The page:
Ms. DeMoro writes that "the Edwards plan fails to crack down on insurance premiums." It's true that there's no mention of overt rate controls, and maybe that should be considered. But insurers will have to compete with a public system that has lower overhead, and much greater negotiating power with hospitals and other health care providers. That will force them to lower rates or lose enrollment, while giving Americans a lower-cost option to today's private insurance.
Echoing other single-payer advocates, Ms. DeMoro writes "... if a public program, as (Edwards) implies, is more likely to assure affordable alternatives to the private insurance model, why get off in Chicago when your plane is going to New York?"
There are lots of reasons, including the possibility that you don't have enough fuel to make it to New York. Some of the passengers on the plane may not want to go to New York, either,. Many Americans would choose to preserve their current choice, access, and other options.
The analogy's an imperfect one, in any case, since "single-payer" isn't a destination: it's a vehicle, one that's intended to get us to a place where every American has access to decent healthcare. If those ends can be achieved by other approaches, why cling to the means instead of focusing on the end?
Ms. DeMoro adds, "Repeated polls have shown that wide majority of Americans want the US to move to a universal healthcare system that guarantees quality care for all patients 'like Medicare.'" But, like it or not, the insurance industry hasn't started to fight back yet. A single-payer program will face stiff political opposition, and the "Harry and Louise" campaign is only a mild foretaste of what would come as the result an immediate, revolutionary (vs. evolutionary) single-payer proposal.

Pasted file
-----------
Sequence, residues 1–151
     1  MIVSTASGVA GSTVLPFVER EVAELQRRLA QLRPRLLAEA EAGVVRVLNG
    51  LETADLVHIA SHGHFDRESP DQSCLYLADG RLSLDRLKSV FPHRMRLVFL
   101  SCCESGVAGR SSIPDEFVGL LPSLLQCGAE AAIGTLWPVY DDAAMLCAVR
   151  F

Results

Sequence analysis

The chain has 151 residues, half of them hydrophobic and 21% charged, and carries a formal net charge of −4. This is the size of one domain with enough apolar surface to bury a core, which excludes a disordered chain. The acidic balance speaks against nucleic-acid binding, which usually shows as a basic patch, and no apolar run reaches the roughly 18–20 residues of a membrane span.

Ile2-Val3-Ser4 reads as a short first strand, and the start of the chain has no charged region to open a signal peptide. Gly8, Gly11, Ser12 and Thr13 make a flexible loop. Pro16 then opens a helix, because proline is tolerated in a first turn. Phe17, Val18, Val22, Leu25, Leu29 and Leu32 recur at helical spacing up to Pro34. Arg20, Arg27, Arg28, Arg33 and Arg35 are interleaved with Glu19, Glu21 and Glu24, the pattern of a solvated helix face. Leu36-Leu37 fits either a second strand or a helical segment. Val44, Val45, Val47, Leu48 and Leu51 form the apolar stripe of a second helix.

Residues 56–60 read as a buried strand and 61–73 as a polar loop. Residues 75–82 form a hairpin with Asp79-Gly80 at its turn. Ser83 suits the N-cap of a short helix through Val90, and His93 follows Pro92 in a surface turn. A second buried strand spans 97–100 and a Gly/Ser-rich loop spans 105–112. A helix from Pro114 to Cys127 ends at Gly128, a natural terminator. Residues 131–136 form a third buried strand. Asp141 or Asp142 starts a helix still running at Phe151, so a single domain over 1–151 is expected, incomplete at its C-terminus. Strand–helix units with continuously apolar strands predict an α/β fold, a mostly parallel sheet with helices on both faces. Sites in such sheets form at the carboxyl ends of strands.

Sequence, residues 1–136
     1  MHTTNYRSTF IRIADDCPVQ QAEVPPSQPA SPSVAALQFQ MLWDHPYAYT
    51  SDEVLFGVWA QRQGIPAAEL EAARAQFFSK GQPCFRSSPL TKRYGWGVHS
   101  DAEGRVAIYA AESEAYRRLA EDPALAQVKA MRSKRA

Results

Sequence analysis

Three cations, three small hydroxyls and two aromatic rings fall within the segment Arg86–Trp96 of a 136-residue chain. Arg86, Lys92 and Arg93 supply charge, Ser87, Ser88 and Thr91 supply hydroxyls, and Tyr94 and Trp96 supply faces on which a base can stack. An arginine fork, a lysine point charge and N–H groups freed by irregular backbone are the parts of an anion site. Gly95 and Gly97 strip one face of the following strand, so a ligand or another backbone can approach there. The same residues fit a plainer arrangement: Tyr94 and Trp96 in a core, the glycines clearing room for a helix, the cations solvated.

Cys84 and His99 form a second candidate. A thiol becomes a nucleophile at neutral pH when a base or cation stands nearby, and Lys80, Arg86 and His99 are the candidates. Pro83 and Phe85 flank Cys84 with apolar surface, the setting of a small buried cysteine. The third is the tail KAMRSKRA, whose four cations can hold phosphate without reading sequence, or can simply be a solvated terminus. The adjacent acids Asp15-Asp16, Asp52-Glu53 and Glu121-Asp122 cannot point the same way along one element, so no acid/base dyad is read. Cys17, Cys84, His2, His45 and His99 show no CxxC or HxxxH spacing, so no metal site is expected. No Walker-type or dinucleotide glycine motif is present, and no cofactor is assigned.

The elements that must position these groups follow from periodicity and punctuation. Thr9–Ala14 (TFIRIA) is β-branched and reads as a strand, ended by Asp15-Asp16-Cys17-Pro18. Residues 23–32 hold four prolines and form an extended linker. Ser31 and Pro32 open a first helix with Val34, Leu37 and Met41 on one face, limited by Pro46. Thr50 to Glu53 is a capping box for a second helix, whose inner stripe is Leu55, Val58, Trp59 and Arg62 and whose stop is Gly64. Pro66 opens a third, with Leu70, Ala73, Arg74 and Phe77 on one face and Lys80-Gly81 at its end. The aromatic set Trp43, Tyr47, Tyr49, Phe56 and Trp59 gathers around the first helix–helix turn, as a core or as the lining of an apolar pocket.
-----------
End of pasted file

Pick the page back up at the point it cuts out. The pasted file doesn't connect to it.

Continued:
Doctors haven't weighed in on the single-payer concept as a group yet, either. Once the idea moves past the talking stage, doctors will begin to confront the fact that a single-payer system will dramatically cut into their income and freedoms to practice. U.S. doctors make nearly three times as much as physicians in other developed countries with single-payer systems ($199,000 vs. $70,324, according to Reinhardt et al). Some high-paying surgical specialties seem to be driving the demand for their own services, which can result in overtreatment that would be likely to disappear under a single-payer system (see the studies of John Wennberg, M.D. et al). That might be a good thing, according to many studies, but physicians will nonetheless resist.
I imagine Ms. DeMoro is referring to people like Ezra Klein, Paul Krugman, and me when she writes: "Edwards should step away from the policy wonks and the purveyors of realpolitik who are working feverishly to sabotage the only healthcare reform that will actually work."
This is sadly typical of the hostile rhetoric coming from the "single-payer-or-nothing" crowd. Aiming their cannons at others who hope for meaningful reform doesn't help us find a workable solution. This friendly fire only prevents those of us with a common goal - universal healthcare - from working together more effectively.
My biggest problem with this group isn't the "single payer" part of their position. It's the "or nothing" part. Judging from the experience of Clinton's proposed 1994 reforms (which were far milder than Edwards'), "nothing" is exactly what we'll get.
If we fail to enact meaningful reform, the millions of uninsured and underinsured Americans who could benefit from a plan like the Edwards proposal will lose out. And that would be tragic.